Saturday 9 October 2010

The Sun, a drunkard's walk and some Python...

I've been playing around with Python recently - the programming language that is, not the snake.  (Snakes are cool too though.)  One big difference with Python as opposed to PHP and Perl, the languages I normally use, is that Python is a little more geared towards graphical simulations rather than simply playing with a text input/output, especially with the pygame modules installed.  Coming from a physics background, an obvious starting point is to try simulating some simple particles and maybe some gravity.

I had a dig around and found this script by Niels Stender which does exactly that, in a fairly elegant way.  I find that tinkering with somebody else's code is a good way to get to grips with the syntax and style of a language.

Stender's code simply generates the particles and the relevant physics and starts them running, it's a good estimation of how particles behave in a gas, anything from the Earth's atmosphere to the interior of the Sun.  There's a classic fact that gets trotted out in many astrophysics lectures: it takes around a million years for a photon to get from the centre of the Sun to the surface...and photons travel at the speed of light.

Why so long?  Well the photons bounce around a lot, like the particles in this simulation.  The way they bounce around is random, like tossing a coin.  Toss a coin a thousand times and you'll get roughly 500 heads and 500 tails - the equivalent with our photon is that it stays pretty much where it started, at the centre.  The odds of it reaching the surface of the Sun are very small, it would be like tossing a coin a thousand times and getting a thousand heads...which is why it takes so long, the photon has to wait for something very unlikely to happen.  This process is known as a random walk, or slightly more poetically, a drunkard's walk.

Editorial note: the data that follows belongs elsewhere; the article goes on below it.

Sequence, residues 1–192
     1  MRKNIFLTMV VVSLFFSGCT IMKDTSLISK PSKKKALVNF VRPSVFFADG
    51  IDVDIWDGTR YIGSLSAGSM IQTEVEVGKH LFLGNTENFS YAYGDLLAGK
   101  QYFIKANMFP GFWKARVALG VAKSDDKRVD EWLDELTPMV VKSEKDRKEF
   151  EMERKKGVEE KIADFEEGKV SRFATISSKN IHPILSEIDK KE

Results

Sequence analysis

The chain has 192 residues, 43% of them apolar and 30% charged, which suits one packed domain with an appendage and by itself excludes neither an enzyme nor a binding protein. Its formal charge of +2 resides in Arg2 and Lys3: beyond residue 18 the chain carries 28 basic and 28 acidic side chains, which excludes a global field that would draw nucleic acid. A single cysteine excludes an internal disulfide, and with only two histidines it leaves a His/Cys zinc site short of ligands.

Which is where my addition to the code comes in.  I fancied tracking one individual particle, no different to any of the others (except it's red, just to make it more visible) and recording the x coordinate.  Over time my code builds up a graph of the red particles position, which should, if the code and theory are correct, closely resemble a Bell curve, or a normal distribution pattern.  This shape pops up everywhere from population biology to the most fundamental quantum theories, it's a mathematical signature showing that something truly chaotic and random is happening:

Here's some video of my script running....

And now here's the same simulation, ten minutes later.  The graph in the bottom right is a reasonably good fit for the Bell curve, hooray!

You can have a tinker with the code yourself if you want - the source code is here. You'll need to install Python and pygame, both of which are free, if you don't have them already.

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